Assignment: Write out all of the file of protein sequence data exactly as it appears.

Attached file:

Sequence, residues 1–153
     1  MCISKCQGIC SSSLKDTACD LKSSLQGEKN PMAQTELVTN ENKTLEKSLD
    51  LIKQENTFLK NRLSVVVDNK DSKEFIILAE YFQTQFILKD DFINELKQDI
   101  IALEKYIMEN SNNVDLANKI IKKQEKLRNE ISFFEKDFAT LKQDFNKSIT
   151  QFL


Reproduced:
Sequence, residues 1–153
     1  MCISKCQGIC SSSLKDTACD LKSSLQGEKN PMAQTELVTN ENKTLEKSLD
    51  LIKQENTFLK NRLSVVVDNK DSKEFIILAE YFQTQFILKD DFINELKQDI
   101  IALEKYIMEN SNNVDLANKI IKKQEKLRNE ISFFEKDFAT LKQDFNKSIT
   151  QFL